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Balancing on a Planet

Balancing on a Planet: The Future of Food and Agriculture

Copyright Date: 2014
Edition: 1
Pages: 348
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  • Book Info
    Balancing on a Planet
    Book Description:

    This book is an interdisciplinary primer on critical thinking and effective action for the future of our global agrifood system, based on an understanding of the system's biological and sociocultural roots. Key components of the book are a thorough analysis of the assumptions underlying different perspectives on problems related to food and agriculture around the world and a discussion of alternative solutions. David Cleveland argues that combining selected aspects of small-scale traditional agriculture with modern scientific agriculture can help balance our biological need for food with its environmental impact-and continue to fulfill cultural, social, and psychological needs related to food.Balancing on a Planetis based on Cleveland's research and engaging teaching about food and agriculture for more than three decades. It is a tool to help students, faculty, researchers, and interested readers understand debates about the current crisis and alternatives for the future.

    eISBN: 978-0-520-95708-4
    Subjects: Technology

Table of Contents

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  1. Front Matter
    (pp. i-vi)
  2. Table of Contents
    (pp. vii-viii)
  3. List of Illustrations
    (pp. ix-xii)
  4. List of Tables
    (pp. xiii-xiv)
  5. PREFACE: A Personal History
    (pp. xv-xxiv)
    (pp. xxv-xxvi)
  7. Introduction
    (pp. 1-10)

    The current world food crisis that began in 2007–2008 is in many ways similar to the hundreds or thousands of local and regional crises that have transpired since the beginning of agriculture. As we have seen, there are sharply contrasting perspectives on the causes and solutions of food crises past and present—and on how to prevent them in the future. The “mainstream” and “alternative” perspectives can sound superficially similar, yet they differ fundamentally in terms of their theories and assumptions, problem definitions and solutions.

    The mainstream emphasizes the direction that brought us the most dramatic and significant successes...

  8. PART ONE Agrifood Systems History and Future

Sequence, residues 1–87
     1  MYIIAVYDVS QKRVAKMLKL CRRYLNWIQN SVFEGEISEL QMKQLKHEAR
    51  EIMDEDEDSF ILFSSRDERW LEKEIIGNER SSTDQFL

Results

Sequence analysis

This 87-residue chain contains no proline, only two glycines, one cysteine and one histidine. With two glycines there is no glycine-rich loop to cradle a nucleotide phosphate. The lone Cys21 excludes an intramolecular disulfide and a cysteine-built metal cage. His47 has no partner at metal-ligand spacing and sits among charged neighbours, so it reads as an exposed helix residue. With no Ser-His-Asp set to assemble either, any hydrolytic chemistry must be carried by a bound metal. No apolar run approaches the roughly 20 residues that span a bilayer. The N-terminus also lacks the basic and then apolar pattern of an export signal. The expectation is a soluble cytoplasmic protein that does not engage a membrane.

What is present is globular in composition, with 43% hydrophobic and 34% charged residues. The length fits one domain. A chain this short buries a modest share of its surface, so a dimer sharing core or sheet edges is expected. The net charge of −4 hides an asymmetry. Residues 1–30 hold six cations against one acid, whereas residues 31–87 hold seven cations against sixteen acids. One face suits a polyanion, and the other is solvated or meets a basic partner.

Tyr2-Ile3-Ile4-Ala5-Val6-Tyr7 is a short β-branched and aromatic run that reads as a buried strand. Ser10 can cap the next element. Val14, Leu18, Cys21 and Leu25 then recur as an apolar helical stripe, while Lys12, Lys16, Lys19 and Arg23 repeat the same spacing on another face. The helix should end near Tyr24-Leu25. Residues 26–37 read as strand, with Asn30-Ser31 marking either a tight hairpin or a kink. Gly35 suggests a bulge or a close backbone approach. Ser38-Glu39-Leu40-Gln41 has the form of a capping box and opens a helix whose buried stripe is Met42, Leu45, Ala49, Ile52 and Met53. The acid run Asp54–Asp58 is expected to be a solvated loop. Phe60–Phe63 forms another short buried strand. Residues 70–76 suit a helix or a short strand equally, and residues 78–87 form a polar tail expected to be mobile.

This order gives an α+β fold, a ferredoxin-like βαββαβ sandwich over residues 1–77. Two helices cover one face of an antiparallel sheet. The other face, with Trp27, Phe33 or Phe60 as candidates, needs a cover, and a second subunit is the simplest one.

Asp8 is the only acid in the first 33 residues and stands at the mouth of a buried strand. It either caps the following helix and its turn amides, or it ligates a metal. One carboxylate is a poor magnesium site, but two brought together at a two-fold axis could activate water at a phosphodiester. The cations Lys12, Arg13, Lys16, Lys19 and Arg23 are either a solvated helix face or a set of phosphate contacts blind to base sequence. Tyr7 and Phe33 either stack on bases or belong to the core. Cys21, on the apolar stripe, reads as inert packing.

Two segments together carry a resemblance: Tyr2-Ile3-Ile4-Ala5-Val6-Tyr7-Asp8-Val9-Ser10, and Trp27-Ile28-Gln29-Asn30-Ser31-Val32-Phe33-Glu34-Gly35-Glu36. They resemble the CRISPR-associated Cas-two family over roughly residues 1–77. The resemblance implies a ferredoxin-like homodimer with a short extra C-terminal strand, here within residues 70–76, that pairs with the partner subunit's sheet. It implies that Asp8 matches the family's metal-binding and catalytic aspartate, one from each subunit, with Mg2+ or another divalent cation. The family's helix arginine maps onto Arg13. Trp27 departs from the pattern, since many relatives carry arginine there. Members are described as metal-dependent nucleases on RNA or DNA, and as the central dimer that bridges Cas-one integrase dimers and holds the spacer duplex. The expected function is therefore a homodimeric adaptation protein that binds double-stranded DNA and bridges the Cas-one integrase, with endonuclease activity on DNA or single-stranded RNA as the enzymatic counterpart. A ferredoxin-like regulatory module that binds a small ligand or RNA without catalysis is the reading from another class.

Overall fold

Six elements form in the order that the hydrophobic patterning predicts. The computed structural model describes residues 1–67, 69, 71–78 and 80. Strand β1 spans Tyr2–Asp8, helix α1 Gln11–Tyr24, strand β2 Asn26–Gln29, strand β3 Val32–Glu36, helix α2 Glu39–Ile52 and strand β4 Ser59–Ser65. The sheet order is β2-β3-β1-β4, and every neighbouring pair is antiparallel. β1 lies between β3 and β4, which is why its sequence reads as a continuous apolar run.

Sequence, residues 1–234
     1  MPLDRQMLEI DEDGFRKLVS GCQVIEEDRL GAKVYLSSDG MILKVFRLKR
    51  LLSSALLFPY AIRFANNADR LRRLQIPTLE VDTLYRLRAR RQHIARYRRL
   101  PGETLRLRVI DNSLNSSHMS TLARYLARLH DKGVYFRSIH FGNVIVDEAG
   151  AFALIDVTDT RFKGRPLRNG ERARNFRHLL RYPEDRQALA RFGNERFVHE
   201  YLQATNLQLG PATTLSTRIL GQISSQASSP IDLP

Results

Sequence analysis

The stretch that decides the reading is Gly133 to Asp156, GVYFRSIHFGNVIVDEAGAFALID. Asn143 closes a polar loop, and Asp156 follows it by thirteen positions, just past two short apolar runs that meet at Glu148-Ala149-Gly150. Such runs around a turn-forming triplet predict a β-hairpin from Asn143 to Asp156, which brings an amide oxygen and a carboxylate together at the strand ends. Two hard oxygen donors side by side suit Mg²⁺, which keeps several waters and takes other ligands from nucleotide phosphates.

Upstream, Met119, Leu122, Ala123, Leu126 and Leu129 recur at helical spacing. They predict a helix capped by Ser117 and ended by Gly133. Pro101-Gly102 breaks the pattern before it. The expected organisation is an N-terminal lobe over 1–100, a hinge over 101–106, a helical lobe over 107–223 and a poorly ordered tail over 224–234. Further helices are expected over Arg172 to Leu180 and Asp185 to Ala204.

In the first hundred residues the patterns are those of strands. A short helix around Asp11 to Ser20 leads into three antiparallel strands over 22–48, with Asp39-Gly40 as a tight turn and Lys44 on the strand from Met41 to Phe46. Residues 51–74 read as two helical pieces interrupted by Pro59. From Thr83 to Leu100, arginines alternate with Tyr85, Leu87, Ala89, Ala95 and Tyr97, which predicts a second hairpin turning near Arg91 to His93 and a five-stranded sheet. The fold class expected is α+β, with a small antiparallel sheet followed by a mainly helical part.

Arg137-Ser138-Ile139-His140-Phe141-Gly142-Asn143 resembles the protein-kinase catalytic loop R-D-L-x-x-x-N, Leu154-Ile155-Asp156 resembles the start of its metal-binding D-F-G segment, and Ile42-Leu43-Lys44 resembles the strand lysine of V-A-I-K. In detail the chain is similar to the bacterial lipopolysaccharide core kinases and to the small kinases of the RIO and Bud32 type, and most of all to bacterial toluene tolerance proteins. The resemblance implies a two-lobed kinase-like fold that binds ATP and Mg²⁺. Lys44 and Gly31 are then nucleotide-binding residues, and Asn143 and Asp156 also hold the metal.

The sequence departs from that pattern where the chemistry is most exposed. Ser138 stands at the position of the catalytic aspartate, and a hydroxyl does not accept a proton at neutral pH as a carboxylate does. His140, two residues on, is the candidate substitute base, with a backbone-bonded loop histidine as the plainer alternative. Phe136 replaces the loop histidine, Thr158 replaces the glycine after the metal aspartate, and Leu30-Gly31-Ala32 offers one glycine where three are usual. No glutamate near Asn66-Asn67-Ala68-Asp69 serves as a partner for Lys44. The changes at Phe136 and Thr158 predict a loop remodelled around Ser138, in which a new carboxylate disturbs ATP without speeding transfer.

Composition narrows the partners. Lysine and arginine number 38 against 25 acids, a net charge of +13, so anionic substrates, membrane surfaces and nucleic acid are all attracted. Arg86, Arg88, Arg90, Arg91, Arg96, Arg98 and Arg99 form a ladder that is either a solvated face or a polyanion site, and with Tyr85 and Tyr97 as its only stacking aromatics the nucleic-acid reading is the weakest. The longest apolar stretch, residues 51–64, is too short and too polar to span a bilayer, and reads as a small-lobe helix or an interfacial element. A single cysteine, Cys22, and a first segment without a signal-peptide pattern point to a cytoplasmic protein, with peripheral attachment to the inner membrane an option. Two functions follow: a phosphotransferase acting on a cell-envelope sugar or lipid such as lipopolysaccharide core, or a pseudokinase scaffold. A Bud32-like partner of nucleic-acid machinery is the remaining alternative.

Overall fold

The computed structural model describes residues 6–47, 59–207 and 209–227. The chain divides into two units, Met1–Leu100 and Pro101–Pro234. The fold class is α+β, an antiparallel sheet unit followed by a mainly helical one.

• ONE Eating Stardust: Population, Food, and Agriculture on Planet Earth
      (pp. 13-46)

      Imagine that you are zooming outward from the chair you are sitting on while reading this book.¹ You see the place where you were sitting recede into its continent, and then the curvature of our planet Earth appears, growing smaller and smaller, joined by the other planets of our star, the Sun. Our solar system, too, grows smaller and seems to hover in emptiness against the background of our galaxy, the Milky Way. And then, as you continue zooming through the Milky Way it too becomes a speck and disappears, lost in the vastness of the universe.

      Our solar system...

    • TWO Agricultural Revolutions
      (pp. 47-70)

      Imagine waking in the morning, opening your eyes to see a sky beginning to lighten to a clear blue, the light of the rising sun filtered through the leaves of acacia trees towering over you, the smell of soil and plants and the remains of last night’s fire in your nose. You rise, walk a short distance away to relieve yourself behind another acacia tree, and return to the camp where the members of your extended family are beginning to stir. You share bits of cooked tubers and meat from the evening’s meal and begin to plan your day—the...

    • THREE Thinking Critically about Sustainable Agrifood Systems
      (pp. 71-96)

      What isyourassessment of the current state of our agrifood system? What is it based on? There are lots of scientific reports on the subject, but their results often conflict, and interpretations of these results can be even more at odds with one another. So how do you choose which reports to use in your assessment? What parts of the system would you like to change? How would you like to change them? What do you think you and others can do to make those changes? How would you work with those who have different ideas about the changes...

    • FOUR Sustainable Agrifood Systems: Three Emphases